VACTE looks to expand centralized programs
COTTONWOOD – It seemed to always be that the Verde Valley’s Career and Technical Education programs – aka CTE – were of the satellite variety, meaning programs that were offered at local high schools.
Though beneficial for students attending those schools, the satellite programs were not as practical for students say at Sedona-Red Rock High School who may need a CTE course offered at Camp Verde High School.
When he took over as superintendent at Cottonwood’s Valley Academy for Career and Technology and Education, Bob Weir was tasked with expanding the organization’s centralized programs, which in turn will expand a student’s opportunity to train for the future while also gaining valuable college credits through additional CTE programs.
“A survey was the first step,” Weir said. “Gauging community interest, school interest. And then we worked on what were the good ideas.”
Though centralized programs are not 100-percent centrally located for each of area’s high schools, the idea is that they provide a more practical option for the region’s students who seek either short-term or long-term excellence in careers of a technical nature.
This year, Valley Academy for Career and Technology and Education – aka VACTE – offers centralized programs in fire science, nursing, welding, and digital film and television.
Recently, Weir approached the VACTE governing board with data from both the surveys and his research – and a desire to expand centralized offerings for the 2017-2018 school year. The programs that Weir is exploring include: Medical Assistant, Construction Technology, Lab Assistant, Heating and Air Conditioning (HVAC), Law Enforcement and Culinary Arts.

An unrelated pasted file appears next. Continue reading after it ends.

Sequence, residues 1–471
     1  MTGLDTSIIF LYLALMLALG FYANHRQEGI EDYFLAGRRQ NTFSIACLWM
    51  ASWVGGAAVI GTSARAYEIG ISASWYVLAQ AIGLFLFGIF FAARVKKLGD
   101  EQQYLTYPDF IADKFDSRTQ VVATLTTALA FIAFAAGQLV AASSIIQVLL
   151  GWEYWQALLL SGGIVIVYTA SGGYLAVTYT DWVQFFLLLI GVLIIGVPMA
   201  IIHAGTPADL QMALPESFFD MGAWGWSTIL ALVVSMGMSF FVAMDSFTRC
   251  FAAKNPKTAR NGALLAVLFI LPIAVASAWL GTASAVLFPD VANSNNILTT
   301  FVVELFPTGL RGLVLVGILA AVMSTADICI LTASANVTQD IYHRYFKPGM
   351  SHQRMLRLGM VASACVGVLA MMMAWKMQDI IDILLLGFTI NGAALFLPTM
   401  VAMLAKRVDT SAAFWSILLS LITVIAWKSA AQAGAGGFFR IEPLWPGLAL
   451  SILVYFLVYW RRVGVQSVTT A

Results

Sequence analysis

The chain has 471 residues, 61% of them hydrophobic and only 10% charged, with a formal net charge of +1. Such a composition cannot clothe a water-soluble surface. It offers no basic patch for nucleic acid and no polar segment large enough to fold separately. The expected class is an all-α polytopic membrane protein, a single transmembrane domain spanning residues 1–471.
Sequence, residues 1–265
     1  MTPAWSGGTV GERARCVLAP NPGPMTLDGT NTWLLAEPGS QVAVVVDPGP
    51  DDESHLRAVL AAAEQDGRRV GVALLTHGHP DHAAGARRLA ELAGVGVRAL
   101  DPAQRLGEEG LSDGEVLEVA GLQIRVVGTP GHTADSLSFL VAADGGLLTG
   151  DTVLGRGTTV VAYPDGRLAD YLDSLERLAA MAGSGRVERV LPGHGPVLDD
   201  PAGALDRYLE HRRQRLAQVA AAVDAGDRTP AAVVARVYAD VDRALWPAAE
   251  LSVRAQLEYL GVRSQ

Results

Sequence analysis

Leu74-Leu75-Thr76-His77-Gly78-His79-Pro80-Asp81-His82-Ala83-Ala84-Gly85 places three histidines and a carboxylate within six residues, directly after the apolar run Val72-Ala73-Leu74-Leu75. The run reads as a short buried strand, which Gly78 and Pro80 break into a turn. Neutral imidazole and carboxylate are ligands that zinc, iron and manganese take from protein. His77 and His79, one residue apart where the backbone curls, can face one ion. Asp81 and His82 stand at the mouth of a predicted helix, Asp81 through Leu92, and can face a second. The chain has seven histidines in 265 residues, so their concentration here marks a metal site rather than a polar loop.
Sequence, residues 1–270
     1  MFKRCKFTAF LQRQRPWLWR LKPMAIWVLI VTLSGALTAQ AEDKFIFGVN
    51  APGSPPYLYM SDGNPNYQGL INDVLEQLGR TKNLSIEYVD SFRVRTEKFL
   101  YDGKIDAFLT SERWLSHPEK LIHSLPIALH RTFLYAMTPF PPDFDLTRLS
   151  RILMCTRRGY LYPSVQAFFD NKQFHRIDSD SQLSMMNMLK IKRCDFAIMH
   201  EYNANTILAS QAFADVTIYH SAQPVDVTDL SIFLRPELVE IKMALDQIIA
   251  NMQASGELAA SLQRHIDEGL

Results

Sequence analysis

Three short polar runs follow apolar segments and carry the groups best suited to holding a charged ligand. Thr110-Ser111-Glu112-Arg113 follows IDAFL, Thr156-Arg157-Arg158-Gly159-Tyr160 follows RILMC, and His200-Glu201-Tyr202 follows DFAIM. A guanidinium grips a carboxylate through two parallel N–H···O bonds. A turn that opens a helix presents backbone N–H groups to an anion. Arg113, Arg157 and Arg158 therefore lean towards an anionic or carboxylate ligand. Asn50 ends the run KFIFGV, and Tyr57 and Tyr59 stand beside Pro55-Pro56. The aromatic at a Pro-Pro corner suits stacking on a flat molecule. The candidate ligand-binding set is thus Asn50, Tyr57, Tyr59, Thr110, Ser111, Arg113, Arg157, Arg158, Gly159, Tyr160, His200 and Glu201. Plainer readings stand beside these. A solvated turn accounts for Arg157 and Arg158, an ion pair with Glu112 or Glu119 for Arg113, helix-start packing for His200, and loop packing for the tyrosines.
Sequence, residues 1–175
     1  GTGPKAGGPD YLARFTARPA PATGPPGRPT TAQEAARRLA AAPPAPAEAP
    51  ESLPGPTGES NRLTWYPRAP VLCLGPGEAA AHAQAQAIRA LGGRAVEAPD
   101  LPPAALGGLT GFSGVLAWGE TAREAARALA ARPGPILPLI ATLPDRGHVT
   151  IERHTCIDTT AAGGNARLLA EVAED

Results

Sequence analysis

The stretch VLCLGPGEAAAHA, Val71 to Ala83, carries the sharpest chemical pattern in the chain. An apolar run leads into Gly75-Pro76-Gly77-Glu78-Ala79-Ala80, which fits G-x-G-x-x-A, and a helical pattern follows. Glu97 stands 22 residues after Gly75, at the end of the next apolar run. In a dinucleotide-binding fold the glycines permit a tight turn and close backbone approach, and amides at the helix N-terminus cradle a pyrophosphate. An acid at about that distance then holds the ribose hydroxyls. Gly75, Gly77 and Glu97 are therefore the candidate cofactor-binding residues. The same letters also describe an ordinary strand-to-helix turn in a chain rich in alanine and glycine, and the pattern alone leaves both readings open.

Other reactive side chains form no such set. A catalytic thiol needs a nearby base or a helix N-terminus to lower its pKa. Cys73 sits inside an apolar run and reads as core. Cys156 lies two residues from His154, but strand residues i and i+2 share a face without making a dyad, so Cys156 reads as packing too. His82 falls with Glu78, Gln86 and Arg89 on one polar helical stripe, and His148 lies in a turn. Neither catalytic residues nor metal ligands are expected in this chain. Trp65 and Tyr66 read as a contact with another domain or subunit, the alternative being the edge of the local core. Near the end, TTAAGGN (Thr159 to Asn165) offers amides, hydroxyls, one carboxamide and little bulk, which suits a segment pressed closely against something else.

The additional centralized programs would be offered at either Yavapai College’s Clarkdale or Sedona campuses or Arizona Tech College, Weir said.
Though Camp Verde Unified School District already offers Culinary Arts at Camp Verde High School, again the benefit of expanding the centralized program offerings is to meet the needs of more students in a more practical way. When it comes to CTE programs, distance does not make the heart grow fonder.
With “tentative approval” from the VACTE governing board, Weir said his next step is to gather more information so he could approach the board again in January.
Besides adding programs, Weir told the board that he thinks some of the programs should be offered in the morning instead of the afternoon “because athletes don’t want to miss sports,” Weir said.
CTE courses provide both college and high school credits for enrolled students, with many of the programs funded by either VACTE or by grants.
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